The U.S. Air Force is interested in acquiring a transformative piece of new propulsion technology to power decoy drones through the air. The new engine type is being developed by Wave Engine Corp., a company that the Air Force recently awarded $1 million to further develop the engine mated to the company’s proprietary Versatile Air-Launched Platform.
Artwork released by Wave shows several different kinds of small aircraft powered by a pulse jet engine mounted to the top of the fuselage. They’re very intriguing. Wave explained that their engines
also known as ‘pulsejet’ engines, are a class of aircraft engines that operate using pressure waves instead of rotating machinery. These engines are characterized by extreme simplicity; they are essentially hollow tubes with no moving parts inside. Intermittent combustion inside the tubes produces pressure waves that push hot gases and produce thrust.
Though Wave’s engines are indeed innovative, they’re not the first company to build and test pulsejet-type engines: the technology actually has its roots in World War II, used by Nazi Germany to propel its terrifying V-1 and V-2 rockets toward targets in Britain. A fascinating account of Nazi Germany’s rocket program can be seen and read here.
“The propulsion technology provides jet performance and full authority digital electronic control in a highly cost-effective powerplant that requires no moving parts,” according to company material. “Wave Engine Corp’s technology enables an order-of-magnitude reduction in the cost and complexity of jet propulsion, making it practical for a wide variety of aviation platforms for which jet propulsion was previously cost-prohibitive.”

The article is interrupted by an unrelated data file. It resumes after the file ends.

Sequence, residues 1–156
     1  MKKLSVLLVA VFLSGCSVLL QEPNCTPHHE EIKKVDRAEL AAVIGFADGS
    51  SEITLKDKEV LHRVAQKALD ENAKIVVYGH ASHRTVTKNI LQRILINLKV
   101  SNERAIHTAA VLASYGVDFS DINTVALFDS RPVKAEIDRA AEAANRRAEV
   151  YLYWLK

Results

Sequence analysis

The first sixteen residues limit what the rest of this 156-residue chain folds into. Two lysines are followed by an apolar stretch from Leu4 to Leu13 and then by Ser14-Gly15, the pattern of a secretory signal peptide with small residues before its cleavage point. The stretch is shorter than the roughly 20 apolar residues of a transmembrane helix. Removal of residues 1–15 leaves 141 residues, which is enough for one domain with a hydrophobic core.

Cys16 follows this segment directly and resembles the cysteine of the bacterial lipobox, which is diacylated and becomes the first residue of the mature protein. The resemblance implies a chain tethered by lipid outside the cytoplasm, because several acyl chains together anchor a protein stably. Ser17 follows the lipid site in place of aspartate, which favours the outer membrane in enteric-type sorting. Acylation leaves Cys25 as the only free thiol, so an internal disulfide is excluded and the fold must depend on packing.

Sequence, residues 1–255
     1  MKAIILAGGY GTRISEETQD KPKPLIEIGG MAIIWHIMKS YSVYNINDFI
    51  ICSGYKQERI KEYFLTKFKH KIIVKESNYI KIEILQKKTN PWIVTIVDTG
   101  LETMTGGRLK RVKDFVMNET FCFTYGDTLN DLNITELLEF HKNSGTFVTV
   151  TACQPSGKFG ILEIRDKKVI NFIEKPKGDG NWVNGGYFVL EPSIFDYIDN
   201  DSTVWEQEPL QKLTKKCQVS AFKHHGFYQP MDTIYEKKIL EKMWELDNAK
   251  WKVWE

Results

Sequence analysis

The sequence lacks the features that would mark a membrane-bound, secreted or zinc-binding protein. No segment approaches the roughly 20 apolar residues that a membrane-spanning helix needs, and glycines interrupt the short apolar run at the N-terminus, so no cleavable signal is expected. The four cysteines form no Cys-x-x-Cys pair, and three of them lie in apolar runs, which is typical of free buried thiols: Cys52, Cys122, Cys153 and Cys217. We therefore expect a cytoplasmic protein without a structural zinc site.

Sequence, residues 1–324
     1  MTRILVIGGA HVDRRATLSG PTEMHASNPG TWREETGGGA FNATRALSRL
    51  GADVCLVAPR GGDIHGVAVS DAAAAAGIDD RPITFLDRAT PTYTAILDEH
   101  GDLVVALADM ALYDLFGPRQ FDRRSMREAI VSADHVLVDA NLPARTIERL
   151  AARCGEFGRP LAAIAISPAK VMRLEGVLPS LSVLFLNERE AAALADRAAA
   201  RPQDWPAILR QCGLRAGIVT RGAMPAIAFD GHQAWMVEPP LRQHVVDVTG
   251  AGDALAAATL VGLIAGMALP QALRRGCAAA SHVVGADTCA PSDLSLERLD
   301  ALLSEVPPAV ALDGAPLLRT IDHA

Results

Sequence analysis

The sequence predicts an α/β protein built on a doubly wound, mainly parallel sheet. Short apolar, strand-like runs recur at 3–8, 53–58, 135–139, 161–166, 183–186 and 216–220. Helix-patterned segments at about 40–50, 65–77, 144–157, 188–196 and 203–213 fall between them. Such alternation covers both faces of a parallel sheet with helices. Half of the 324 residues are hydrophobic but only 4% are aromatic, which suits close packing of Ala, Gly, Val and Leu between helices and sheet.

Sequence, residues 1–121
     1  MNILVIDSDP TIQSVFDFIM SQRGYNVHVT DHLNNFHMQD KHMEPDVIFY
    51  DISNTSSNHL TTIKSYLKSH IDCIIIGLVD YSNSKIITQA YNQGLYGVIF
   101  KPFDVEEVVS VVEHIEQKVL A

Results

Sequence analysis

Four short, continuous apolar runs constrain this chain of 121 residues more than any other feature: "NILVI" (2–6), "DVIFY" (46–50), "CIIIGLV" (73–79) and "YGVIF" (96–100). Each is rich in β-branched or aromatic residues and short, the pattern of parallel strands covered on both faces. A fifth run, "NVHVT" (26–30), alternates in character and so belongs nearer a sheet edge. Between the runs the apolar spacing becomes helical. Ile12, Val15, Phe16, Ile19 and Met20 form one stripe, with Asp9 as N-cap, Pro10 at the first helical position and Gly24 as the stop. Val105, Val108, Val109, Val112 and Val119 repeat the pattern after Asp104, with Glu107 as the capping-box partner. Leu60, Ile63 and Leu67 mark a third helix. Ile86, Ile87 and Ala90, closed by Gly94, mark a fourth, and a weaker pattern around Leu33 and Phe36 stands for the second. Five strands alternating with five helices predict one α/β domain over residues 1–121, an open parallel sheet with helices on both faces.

Wave’s Versatile Air-Launched Platform would presumably be air-launched and draw fire from anti-aircraft weapons away from their mother platform. Alternatively, the unmanned drone would be used to distract or spoof enemy air defense radar into thinking that a much larger force was inbound.
Nazi Germany’s V-1 and V-2 rockets were used to mixed effect during World War II and were in essence some of the world’s first cruise missiles. Although they did benefit from significantly less moving parts than aircraft engines, the missiles, known as “doodlebugs” or “buzz bombs” produced less thrust, and were incredibly loud.
“The future of aircraft is smaller, more capable and more affordable. The aviation industry has long been stymied by the lack of high-performance engines for small aircraft, and we are here to break through this barrier,” stated the CEO of Wave Engine Corporation, Daanish Maqbool. “We’re proud to receive this highly competitive award from the USAF to bring forth this propulsion technology and help define the aviation landscape of the future.”
Caleb Larson is a Defense Writer with The National Interest. He holds a Master of Public Policy and covers U.S. and Russian security, European defense issues, and German politics and culture.